What Goes Down Your Sewer?

< HABIT: Not being careful about what I put into the sewer >

When I do the wash, the laundry detergent, and plus a little bit of the fabric, ends up in the sewer.  When I wash the floor and pour the dirty water into the sink, the floor cleaning liquid ends up in the sewer.  If I put unused medicine into the toilette, it ends up in the sewer.  The material that I put into the sewer goes to a sewage treatment plant, which may or may not fully remove what I put into the sewer before it is deposited into a river or the ocean.  What exactly does the sewer I am connected with remove?

Why does this matter?

Sewers take the material we put down the drain, process it, and discharge the water back into a river or into the ocean.  They are not 100% effective of removing all undesirable contamination form the discharged water.  Waste water treatment plants are sophisticated systems that improve on the operation of the basic home sceptic system.  

If you live in a suburban or rural location, you might have a sceptic system.  In this system your toilet, sink drains, dishwasher and clothes washing machine are connected to the sceptic system. The first step in the system is a tank in which bacteria digest the solids at the bottom of the tank turning them into liquid.  This liquid is then sent out into a drainage field where it enters the soil.  Microbes in the soil then continue to break down organic matter in the liquid.  Owners of sceptic systems are advised to only use cleaners that are sceptic system safe and only put things into the sceptic system that are bio degradable.  Some chemicals harm the bacteria that digest the biodegradable solids, requiring the periodic addition of septic system bacteria.  Items that are not biodegradable stay in the tank until the tank is pumped out.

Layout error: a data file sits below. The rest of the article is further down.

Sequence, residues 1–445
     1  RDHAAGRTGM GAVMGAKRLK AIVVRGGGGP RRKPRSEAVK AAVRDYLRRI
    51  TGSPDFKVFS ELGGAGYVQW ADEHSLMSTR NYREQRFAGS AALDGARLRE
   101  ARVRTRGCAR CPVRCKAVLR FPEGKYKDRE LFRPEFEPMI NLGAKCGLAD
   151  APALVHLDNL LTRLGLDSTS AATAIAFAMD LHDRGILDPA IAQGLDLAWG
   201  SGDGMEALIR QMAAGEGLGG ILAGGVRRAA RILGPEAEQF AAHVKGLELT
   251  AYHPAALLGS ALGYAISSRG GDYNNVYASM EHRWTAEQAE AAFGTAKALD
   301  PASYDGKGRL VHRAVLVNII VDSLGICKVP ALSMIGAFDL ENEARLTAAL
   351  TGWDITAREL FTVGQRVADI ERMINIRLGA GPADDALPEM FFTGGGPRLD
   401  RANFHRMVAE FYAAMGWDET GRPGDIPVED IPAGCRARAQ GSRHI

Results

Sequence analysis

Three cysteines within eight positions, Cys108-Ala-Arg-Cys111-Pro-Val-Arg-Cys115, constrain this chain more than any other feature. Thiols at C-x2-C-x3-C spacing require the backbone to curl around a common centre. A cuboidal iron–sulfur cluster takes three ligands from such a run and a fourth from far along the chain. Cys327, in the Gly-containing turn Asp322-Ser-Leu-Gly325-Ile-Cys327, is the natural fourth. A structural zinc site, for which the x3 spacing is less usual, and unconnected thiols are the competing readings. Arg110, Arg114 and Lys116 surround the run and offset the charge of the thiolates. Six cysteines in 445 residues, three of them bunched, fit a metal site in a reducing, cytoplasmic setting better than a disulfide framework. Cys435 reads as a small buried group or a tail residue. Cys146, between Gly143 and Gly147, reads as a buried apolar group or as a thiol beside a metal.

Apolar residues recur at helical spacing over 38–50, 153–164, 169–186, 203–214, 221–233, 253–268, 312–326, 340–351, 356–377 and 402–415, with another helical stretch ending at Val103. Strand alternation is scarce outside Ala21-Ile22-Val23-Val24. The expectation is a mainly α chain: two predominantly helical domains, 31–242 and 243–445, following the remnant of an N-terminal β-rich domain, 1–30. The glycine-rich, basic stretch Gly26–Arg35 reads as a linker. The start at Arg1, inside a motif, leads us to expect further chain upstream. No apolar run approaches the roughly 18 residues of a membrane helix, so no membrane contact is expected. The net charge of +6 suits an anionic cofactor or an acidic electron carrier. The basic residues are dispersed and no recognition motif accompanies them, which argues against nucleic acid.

from Thurstontalk

from Thurstontalk

The waste we put into a municipal sewer is transported to a waste treatment facility that uses microbes to digest the waste material.  Any solids that remain should be transported to a landfill and the water that is separated placed back into a river which ultimately flows to the ocean.  Usually this water is disinfected before being discharged so as not to put harmful bacteria into our rivers which can endanger both people and marine life.  Many systems are not designed to remove all potential pollutants.  (See References 1,2, 3)

Waste treatment facilities remove many of the pharmaceuticals and the larger pieces of plastic and other solid matter.  However, the contaminants that make it through the system can have negative effects on the river ecosystem and downstream users of the water (4). The next town down the river might take that water, process it, and use it as the town’s water source.   People might swim boat or fish in the water.  Studies are starting to see traces of pharmaceuticals in the water supply.   There is evidence that some chemicals (endocrine disrupters) in the water that are affecting fish (5) but so far little evidence of health effects on humans (6,7).